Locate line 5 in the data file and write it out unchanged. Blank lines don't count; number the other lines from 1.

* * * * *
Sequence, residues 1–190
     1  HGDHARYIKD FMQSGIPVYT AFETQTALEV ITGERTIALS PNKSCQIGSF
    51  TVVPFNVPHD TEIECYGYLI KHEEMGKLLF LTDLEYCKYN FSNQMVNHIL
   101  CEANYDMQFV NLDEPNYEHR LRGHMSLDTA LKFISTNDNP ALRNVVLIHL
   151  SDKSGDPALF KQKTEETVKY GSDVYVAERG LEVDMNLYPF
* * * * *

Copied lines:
   151  SDKSGDPALF KQKTEETVKY GSDVYVAERG LEVDMNLYPF